Beth Scott was shocked when her insurance company denied coverage for her routine mammogram.
She soon figured out why.
Aetna, Scott’s health insurance carrier, stated that the procedure fell under her policy’s exclusion for treatments “related to changing sex.”
Scott, a 44-year-old transgender woman from New Jersey, had developed breasts after undergoing hormone therapy.
Her physician had advised her to seek the breast cancer check.
After exhausting her appeals process, she enlisted the help of the Transgender Legal Defense & Education Fund for help in her reimbursement.
Scott, who eventually won the fight and received an apology from Aetna, is just the latest person to struggle against the institutional medical discrimination that transgender people face.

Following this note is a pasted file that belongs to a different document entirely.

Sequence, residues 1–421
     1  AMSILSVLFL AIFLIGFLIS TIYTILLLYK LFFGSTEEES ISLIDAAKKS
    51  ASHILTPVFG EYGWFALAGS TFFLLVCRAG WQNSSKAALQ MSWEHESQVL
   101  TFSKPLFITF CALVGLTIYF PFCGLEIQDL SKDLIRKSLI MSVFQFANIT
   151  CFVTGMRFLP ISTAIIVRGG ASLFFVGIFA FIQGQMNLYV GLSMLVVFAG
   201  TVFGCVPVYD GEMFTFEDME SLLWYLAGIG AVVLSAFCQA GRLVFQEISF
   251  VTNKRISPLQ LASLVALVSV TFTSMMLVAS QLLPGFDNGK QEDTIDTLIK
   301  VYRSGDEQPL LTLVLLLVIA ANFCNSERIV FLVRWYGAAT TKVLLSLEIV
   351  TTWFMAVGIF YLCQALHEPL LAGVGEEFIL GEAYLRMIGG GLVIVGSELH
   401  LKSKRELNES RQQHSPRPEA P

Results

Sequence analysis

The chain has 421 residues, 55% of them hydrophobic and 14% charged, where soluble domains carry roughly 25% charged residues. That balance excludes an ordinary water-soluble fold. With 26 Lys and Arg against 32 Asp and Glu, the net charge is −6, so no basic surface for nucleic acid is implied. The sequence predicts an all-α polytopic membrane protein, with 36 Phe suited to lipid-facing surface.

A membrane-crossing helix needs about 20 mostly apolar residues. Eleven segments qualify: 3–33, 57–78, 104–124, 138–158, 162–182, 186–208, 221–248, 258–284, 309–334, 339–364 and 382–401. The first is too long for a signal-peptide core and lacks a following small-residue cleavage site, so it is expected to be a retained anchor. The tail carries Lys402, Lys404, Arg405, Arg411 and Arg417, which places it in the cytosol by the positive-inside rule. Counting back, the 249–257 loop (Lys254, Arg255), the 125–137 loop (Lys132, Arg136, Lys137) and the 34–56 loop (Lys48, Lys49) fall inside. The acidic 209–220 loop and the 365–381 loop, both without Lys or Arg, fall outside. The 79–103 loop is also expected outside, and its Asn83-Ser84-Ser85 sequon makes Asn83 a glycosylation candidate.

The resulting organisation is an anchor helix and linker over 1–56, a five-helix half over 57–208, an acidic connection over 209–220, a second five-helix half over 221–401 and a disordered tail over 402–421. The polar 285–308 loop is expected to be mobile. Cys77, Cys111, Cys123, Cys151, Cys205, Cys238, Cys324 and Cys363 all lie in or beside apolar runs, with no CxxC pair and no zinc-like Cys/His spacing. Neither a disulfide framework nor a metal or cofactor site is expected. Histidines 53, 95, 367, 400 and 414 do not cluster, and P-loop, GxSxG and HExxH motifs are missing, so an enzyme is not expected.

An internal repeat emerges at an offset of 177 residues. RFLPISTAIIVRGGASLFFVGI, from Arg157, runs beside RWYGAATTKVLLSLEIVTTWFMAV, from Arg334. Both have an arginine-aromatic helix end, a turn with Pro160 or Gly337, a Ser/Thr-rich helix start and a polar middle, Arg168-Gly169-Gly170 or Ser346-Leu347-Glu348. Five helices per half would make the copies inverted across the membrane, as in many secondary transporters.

Due to exclusionary clauses in certain insurance plans, not only are people denied coverage for the medical procedured needed to undergo the gender change, they are denied ordinary care.
These clauses make it impossible to receive coverage for any procedure that could conceivably be linked to their transgender status.
“I’ve heard of transgendered people being denied coverage for blood tests,” said Noah Lewis, a lawyer for the TLDEF in New York. “I heard a story about a transgender woman who was denied coverage for a broken arm after the insurance company determines the injury occured while playing on a all-female baseball team.”
Transgender women and men are often denied routine gynecological care and medically necessary surgeries, including fibroid removal and hysterectomies, said Lewis.
Scott’s victory was a personal win, but could also help others in her situation.